• Join over 1.2 million students every month
  • Accelerate your learning by 29%
  • Unlimited access from just £6.99 per month

The Effect of Substrate Concentration on the Rate of Decomposition of Immobilised Liver Catalase.

Extracts from this document...


The Effect of Substrate Concentration on the Rate of Decomposition of Immobilised Liver Catalase Background Information: When the chemical Hydrogen peroxide (H2O2), is introduced to the enzyme Catalase, it is decomposed into to products, Oxygen (O2) and Water (H2O). This is shown by the equation: 2H2O2 (l) 2H2O (l) + O2(G) AIM: I am aiming to find out whether increasing the concentration of substrate (H2O2) affects the rate at which Oxygen is produced from the decomposition reaction. I will do this by counting the number of bubbles of Oxygen produced from several samples over a set period of time. I have established that: The Independent variable = Substrate concn The Dependant variable = Production of O2 The variables: The variables that have to remain constant are: * Concentration of catalase (5% liver extract) * Volume of Hydrogen Peroxide * PH * Temperature (controlled by water bath) * Time (2 min. period p/experiment) PLANNING I am going to be changing the concentration of H2O2 that the beads of catalase will be added to (making it an immobilised enzyme). ...read more.


* When you have used up all of the mixture, with a sieve collect the beads and rinse them off with a little distilled water. METHOD: 1. Set up apparatus shown below: 2. To make the desired concentration of hydrogen peroxide, get a 10ml measuring cylinder and for 10% place 1ml of hydrogen peroxide in with 9ml of distilled water. (CARE: Hydrogen peroxide is an irritant, keep away from eyes and clothes, as bleaching can occur.) 3. Then place 20 beads into the boiling tube of Hydrogen Peroxide and insert the bung of the delivery tube back in and start the timer. 4. Over a period of 2 mins. Count the number of bubbles produced from the reaction. 5. After, repeat the experiment with 20% and 30% concentrations. 6. When gaining the results for all three concentrations, do three repeats per concentration to gain reliable results. RESULTS: This graph shows the relationship that is present between the results. As the concentration of Hydrogen Peroxide is increased (coloured bars) the amount of Oxygen increases also. The concentration that was most effective on oxygen production was 40% (dark purple), with roughly around 140 bubbles produced in 2 minutes. ...read more.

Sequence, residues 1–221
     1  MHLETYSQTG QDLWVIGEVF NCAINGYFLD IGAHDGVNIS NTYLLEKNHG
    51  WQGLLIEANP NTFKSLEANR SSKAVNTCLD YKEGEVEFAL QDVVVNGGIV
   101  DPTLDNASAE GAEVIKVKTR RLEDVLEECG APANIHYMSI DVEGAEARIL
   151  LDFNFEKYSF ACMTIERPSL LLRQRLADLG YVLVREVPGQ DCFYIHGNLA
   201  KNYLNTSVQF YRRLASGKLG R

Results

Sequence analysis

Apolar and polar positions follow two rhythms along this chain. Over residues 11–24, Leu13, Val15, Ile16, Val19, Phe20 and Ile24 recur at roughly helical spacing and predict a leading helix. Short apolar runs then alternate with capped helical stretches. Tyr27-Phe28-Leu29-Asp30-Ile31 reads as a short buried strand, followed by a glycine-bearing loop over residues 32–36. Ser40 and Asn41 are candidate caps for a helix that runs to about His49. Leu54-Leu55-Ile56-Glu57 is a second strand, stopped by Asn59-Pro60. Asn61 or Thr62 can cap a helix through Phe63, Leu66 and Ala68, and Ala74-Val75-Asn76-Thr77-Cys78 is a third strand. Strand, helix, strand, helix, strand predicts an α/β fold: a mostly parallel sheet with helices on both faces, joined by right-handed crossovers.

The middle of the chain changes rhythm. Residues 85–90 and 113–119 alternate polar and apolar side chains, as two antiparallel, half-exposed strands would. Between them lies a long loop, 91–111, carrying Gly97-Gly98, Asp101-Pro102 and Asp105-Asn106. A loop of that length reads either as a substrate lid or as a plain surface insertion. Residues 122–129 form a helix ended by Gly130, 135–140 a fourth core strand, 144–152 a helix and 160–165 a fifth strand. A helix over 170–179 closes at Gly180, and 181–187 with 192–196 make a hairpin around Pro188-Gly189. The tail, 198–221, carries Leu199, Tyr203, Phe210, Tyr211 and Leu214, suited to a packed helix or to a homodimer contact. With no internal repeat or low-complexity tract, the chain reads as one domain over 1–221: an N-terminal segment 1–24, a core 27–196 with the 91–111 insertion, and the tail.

Because all enzymes are proteins, they are consisted of amino acids, and when these long chains fold up the form an active site, which then can react with substrates. If too much heat energy is added, the molecule is vibrating with such energy that weak Hydrogen bonds that hold the tertiary structure of the protein together are broken. These results in reshaping of the active site, that is very specific to certain substrates, and therefore becomes denatured. Although increasing the concentration of the substrate increases the rate of decomposition, if the concentration is increased too much the active sites on the enzymes will be saturated (occupied by substrates), this would then decline the rate at which Oxygen was produced. I think the results that I gained show a clear trend forming from reliable results. If I were to repeat this experiment again I would like to prove whether what I can tell with my own scientific knowledge, that if I carried on increasing the concentration of Hydrogen Peroxide to a point where there were more substrates than enzymes, I would see a gradual decline in the amount of oxygen produced. If I carried out such an experiment I would expect to see the pattern on the graph to look like this: ...read more.